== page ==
Hand-foot syndrome (HFS), or Palmar-Plantar Erythrodysesthesia (PPE), is a side effect of some types of chemotherapy and other medicines used to treat breast cancer. Hand-foot syndrome is a skin reaction that occurs when a small amount of the medication leaks out of capillaries (small blood vessels), usually on the palms of the hands and soles of the feet. When the medication leaks out of the capillaries, it can damage the surrounding tissues. Hand-foot syndrome can be painful and can affect your daily living.
Symptoms of hand-foot syndrome include:
tingling, burning, or itching sensation
redness (resembling a sunburn)
In severe cases of hand-foot syndrome you may have:
cracked, flaking, or peeling skin
blisters, ulcers, or sores appearing on your skin
difficulty walking or using your hands
The following breast cancer medications can cause hand-foot syndrome:
Xeloda (chemical name: capecitabine)
Adrucil (chemical name: 5-f...
Highlights Overview About 75% of people in the United States have foot pain at some time in their lives. Nearly all cases of foot pain can be attributed to one of the following:
Ill-fitting shoes High-impact exercise Certain medical conditions Foot pain generally starts in one of three places: the toes, the forefoot, or the hindfoot. Risk Factors Elderly people are at very high risk for foot problems. Women are at higher risk than men for severe foot pain, probably because of high-heeled shoes. Medical Conditions Causing Foot Pain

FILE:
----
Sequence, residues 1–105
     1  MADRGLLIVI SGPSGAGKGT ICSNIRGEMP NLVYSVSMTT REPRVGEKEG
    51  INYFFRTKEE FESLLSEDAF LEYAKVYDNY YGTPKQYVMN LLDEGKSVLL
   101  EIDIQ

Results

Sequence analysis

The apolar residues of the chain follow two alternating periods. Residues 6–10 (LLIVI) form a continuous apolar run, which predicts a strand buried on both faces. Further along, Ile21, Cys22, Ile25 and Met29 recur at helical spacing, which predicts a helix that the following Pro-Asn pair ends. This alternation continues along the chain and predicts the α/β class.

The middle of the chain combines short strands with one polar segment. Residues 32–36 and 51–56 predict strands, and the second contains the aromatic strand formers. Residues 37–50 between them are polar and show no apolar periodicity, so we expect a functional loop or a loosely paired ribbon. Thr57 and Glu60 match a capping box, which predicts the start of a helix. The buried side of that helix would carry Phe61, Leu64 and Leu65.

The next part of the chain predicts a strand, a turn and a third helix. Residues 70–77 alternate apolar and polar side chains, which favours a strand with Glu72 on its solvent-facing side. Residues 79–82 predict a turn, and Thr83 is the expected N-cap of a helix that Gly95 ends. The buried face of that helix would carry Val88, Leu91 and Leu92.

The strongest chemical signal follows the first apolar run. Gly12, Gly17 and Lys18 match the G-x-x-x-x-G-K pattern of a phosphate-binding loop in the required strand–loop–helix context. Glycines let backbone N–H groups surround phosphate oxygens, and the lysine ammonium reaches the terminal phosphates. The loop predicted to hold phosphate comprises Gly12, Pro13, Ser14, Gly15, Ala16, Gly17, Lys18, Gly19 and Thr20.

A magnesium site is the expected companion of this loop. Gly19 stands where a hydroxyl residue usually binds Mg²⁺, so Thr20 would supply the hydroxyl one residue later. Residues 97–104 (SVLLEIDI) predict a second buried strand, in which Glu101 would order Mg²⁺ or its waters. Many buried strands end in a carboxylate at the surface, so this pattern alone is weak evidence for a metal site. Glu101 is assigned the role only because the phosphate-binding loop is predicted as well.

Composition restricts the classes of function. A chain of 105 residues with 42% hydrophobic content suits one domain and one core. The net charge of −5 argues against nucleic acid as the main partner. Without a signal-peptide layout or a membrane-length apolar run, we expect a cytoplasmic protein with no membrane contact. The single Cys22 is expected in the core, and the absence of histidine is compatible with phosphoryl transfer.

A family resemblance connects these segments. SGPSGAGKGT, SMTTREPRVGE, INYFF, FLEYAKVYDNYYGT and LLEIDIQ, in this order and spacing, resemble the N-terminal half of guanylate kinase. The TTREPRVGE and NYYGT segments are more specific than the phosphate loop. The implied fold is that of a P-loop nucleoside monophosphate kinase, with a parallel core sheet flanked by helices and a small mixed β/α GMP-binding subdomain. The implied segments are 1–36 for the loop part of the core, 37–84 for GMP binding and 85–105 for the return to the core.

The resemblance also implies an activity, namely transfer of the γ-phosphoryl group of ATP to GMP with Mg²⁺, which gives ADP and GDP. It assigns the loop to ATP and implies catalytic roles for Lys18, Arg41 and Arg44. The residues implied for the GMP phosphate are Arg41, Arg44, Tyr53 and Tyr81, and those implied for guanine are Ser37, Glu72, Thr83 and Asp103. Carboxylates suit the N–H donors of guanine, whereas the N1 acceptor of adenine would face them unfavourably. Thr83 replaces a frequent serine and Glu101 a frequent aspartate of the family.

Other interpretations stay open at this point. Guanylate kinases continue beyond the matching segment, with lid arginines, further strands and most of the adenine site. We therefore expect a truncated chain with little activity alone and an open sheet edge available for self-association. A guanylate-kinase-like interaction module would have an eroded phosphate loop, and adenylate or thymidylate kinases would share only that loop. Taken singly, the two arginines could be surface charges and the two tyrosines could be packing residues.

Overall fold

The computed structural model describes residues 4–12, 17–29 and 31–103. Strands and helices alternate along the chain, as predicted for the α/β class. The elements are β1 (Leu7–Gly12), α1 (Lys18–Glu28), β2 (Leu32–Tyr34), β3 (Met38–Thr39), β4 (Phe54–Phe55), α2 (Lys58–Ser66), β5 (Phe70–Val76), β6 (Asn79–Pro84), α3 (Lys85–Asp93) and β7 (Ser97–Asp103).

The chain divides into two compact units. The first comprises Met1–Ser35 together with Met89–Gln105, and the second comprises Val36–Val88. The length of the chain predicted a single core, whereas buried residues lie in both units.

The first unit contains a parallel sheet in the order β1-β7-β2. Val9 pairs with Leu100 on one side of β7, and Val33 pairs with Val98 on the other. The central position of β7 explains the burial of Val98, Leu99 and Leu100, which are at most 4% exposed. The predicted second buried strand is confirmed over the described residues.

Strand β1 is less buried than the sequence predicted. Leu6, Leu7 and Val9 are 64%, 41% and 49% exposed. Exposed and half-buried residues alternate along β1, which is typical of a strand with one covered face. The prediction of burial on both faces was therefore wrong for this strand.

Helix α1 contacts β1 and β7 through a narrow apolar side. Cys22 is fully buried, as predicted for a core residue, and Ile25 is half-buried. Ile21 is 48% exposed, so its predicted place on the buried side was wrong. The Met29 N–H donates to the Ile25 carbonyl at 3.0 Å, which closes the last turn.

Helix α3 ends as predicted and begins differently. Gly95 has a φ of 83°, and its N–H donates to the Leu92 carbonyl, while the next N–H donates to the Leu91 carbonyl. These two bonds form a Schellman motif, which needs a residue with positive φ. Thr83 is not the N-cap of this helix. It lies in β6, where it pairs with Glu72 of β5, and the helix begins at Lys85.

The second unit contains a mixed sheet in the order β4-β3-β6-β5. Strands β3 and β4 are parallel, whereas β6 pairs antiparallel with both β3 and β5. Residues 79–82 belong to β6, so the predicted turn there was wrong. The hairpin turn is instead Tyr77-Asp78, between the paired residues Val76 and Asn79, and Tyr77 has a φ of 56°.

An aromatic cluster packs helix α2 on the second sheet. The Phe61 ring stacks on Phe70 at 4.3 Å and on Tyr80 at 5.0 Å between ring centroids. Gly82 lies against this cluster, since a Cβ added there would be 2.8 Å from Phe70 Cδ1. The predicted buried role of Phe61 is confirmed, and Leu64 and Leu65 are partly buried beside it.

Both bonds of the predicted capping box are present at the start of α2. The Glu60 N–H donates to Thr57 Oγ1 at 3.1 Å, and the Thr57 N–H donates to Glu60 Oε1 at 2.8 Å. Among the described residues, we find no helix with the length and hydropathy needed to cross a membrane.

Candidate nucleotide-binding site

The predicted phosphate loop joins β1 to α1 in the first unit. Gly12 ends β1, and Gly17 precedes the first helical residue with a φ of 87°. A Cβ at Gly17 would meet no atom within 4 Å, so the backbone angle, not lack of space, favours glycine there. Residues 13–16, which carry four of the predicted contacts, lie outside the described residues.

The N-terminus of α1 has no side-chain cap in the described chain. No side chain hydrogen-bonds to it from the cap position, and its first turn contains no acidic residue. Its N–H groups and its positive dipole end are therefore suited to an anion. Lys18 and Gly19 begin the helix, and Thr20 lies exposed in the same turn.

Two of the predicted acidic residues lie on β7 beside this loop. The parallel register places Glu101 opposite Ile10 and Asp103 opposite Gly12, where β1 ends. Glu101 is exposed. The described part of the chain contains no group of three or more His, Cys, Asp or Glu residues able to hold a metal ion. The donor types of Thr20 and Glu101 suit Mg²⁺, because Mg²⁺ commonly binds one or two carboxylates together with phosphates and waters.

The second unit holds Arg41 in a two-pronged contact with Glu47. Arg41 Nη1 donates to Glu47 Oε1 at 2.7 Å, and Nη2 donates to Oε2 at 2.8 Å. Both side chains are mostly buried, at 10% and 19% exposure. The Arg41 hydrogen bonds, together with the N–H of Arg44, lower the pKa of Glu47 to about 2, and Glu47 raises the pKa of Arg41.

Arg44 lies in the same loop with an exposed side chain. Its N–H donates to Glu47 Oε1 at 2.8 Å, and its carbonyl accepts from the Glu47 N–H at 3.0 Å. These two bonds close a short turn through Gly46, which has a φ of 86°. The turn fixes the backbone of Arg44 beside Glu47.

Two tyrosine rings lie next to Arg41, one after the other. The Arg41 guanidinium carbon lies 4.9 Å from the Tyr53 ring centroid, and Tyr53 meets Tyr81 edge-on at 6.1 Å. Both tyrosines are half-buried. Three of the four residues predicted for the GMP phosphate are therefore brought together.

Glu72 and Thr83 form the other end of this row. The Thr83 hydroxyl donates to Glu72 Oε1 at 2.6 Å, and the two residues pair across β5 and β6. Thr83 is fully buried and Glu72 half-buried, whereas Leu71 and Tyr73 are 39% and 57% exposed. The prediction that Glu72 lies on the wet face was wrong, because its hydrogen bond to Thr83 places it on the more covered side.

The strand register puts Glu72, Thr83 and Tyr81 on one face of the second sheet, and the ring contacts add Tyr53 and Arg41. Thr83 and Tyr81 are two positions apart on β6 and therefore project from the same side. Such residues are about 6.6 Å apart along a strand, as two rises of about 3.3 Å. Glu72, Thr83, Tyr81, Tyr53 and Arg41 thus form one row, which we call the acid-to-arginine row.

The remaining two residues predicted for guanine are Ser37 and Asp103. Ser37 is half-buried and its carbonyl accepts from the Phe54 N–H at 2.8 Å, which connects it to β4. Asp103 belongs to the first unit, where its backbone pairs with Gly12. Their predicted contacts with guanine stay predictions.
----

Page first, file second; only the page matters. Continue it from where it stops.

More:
Arthritis Diabetes Obesity Pregnancy Medications Treatment Nonsteroidal anti-inflammatory drugs (NSAIDs), such as aspirin or ibuprofen (Advil), may help ease pain and reduce inflammation. The acronym RICE stands for rest, ice, compression, and elevation -- the four basic elements of initial treatment for an injured foot. In most cases, stress fractures heal by themselves if you avoid rigorous activities. Stretching the plantar fascia is the mainstay therapy for restoring s...
Flip-flops are popping up everywhere: at weddings, at work, at parties, and at home. What once was an article of clothing only seen at the beach or pool, now this flimsy footwear is a mainstay of closets across America. Ask someone why he/she wears flips and the laundry list of reasons is long. "They're comfortable," "They're cool," "They're fun," and "They're less confining"; this list of reasoning is reshaping our shoe choices and fashion sense. However, this list of reasoning is not very sensible in terms of health. Many parts of the body suffer from flip-flop related problems, problems that can be avoided. Here is a list of good reasons to avoid flip-flops.
1. No Support : Flip-flops are the least supportive of all shoes. Most flips are as flat as a board while the foot itself has many curves and arches. Why do people try to make a foot conform to something flat? Curves and arches need to be supported or else they tend to collapse. Flat feet , bu...
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